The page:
Have you ever considered why the Mac is so well suited to the home environment? Has it ever occurred to you why the Mac is great with multimedia, with fun stuff like graphics and movie editing, but not so great at the serious stuff? With these, have you ever pondered as to why you very rarely see a bunch of Macs in an enterprise, corporate setting?
My esteemed colleague and friend, Chris Dawson, asks whether universities should be gently weaned off Microsoft products; Office and Windows included. Open source should be included in universities, and indeed they are. They are free, they are malleable and edited according to each institution's needs provided they have the time and money, and they promote entrepreneurship.
Apple have won awards for their "interesting" approach at advertising, winning the 2007 Grand Effie Award, with over 70 adverts to their name. They work in non-sequential continuity by comparing a Mac to a PC - or rather, Mac computers running Mac OS X vs. any other device running any other operating system, but always taking a petty jab at Windows. But what they have inadvertently done by pointing out that, even though Macs are more fun, "easier to use", more exciting to use and are great for the aforementioned multimedia items, it's not serious operating systems.
That to me, makes it sound rather unsuitable for an office, corporate, enterprise or university environment. They haven't just shot themselves in the foot, they've executed the Mozambique drill on themselves.
It's not to say that they haven't made some headway in the last few years. My university has a dedicated Mac lab on the Medway Campus, aimed primarily at the music and multimedia technology students. However there's only one reason why I can possibly comprehend why they have done this - equality. It's almost like segregation of a "race" of students not having a single Mac on campus. A fair number, no where near a majority though, of students use Macs and the majority of those have some design inclination.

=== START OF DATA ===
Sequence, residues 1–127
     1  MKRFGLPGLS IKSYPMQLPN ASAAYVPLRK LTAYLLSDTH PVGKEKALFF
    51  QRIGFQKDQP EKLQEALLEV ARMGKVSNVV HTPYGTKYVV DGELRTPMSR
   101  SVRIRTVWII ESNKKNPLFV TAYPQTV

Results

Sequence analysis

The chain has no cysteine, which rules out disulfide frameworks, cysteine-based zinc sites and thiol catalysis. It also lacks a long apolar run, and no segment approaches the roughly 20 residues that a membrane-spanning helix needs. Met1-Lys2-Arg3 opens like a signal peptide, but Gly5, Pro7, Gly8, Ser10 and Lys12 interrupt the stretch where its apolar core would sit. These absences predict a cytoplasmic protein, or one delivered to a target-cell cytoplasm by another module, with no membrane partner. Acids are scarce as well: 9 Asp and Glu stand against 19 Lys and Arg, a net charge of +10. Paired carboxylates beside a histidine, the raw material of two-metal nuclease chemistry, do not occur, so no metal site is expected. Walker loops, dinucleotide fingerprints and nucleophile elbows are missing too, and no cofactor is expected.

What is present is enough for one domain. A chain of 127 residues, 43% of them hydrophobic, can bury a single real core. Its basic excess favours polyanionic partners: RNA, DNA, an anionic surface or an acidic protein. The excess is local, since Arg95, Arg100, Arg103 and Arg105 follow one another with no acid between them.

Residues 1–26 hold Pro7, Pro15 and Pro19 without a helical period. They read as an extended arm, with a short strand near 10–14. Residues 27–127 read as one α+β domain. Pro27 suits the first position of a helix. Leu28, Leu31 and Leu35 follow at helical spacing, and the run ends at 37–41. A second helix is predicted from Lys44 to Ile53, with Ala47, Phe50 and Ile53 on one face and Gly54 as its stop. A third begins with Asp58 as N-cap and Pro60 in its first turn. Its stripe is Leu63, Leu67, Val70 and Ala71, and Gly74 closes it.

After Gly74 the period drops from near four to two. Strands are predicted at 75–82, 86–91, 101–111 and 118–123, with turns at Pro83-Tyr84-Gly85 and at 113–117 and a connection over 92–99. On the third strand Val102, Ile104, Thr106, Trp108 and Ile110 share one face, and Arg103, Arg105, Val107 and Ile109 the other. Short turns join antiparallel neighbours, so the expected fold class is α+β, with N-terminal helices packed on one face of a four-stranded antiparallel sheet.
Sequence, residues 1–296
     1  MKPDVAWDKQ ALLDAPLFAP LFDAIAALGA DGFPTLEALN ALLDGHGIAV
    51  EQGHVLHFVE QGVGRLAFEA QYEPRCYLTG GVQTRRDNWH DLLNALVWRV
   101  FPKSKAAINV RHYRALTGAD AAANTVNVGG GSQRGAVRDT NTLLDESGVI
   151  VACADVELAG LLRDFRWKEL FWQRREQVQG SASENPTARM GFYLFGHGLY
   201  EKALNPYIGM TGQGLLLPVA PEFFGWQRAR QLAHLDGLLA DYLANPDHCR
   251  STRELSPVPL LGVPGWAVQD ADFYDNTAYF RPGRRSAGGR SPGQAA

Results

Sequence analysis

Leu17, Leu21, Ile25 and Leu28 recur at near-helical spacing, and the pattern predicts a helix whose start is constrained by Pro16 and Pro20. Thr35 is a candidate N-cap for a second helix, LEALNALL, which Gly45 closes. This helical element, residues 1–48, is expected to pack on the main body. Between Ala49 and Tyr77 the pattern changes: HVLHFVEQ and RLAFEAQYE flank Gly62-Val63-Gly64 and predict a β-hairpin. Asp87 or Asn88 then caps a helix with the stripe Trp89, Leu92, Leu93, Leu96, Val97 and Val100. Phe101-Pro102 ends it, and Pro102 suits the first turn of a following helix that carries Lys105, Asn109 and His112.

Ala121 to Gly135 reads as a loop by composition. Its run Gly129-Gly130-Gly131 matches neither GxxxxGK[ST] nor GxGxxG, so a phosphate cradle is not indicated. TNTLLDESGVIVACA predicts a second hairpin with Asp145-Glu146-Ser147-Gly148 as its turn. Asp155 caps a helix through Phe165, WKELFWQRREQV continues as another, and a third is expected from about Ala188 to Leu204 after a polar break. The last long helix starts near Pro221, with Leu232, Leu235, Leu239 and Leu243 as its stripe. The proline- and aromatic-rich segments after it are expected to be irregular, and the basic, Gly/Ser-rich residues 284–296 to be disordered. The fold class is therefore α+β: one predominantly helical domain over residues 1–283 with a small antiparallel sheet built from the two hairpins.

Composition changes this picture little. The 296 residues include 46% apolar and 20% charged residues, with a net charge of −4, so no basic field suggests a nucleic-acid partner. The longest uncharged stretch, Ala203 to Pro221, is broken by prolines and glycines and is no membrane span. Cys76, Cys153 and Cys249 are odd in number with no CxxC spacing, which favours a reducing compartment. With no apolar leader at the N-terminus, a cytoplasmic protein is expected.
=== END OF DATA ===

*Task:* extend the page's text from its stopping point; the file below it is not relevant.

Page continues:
The other, clearly obvious issue, is compatibility. No matter which way you look at it, even though Microsoft (on occasion) release software which is Mac compatible, the two companies just epically fail at making anything competitor-compatible. Steve Jobs once said:
"iTunes on Windows is like giving someone a glass of ice water in Hell."
Maybe so, Steve, but when the user interface is almost unreadable and when a sporadic blue screen of death comes out of nowhere, I would call that a gross screw-up on your part. Microsoft aren't exactly brilliant at designing/converting software for Mac but at least they get it half right.
But even still, most of the university-applicable applications do not run on a Mac machine. Boot Camp would allow you to use Windows on a Mac machine but then that would defeat the entire point; licensing issues are confusing and the hefty costs of the Mac hardware would render the entire project unfeasible, especially in this economic climate.
Windows has been around for decades, and took the early lead with ordinary lay consumers early in the computing market to ensure people started using it in the first place. Ever since Windows 98 came out, the marketing push had geeks nursing a semi and almost wetting themselves with excitement. With the cheap costs of Windows and the even cheaper and more economical cost of the PC in the late 90's meant schools were snapping them up faster than a fatty buying cakes in a bakery.
As a result, we have been forced to use Windows. Those who have gone their separate ways, parted with Microsoft and converted to the Church of Apple have done so with anxiety but eventually found their true calling. We all know how to use Windows and have been taught to do so since we were little nippers, so we automatically use what we are more comfortable with. This hasn't changed at all, even at university level.
One last thing, Mac has the fashion vote. Nobody outside the personal four walls of their home office or even their house cares about fashion, especially in the workplace. You want something that works, something that can be upgraded without lengthy deals or excessive costs. The fact of the matter is Apple put more money than sense into their Mac devices to make them look nice, rather than suitable in terms of costs for working or studying environments.
So, without going into the technical details of hardware specifications or in depth into licensing and building costs, it's clear to me why the Mac won't work in the enterprise. The iPhone does, and will continue to, but Windows and the two-decade old PC has firmly taken the seat at the top and won't be shifting until Microsoft cuts support for the last ever Windows operating system.
Don't hold back, you know you want to say something...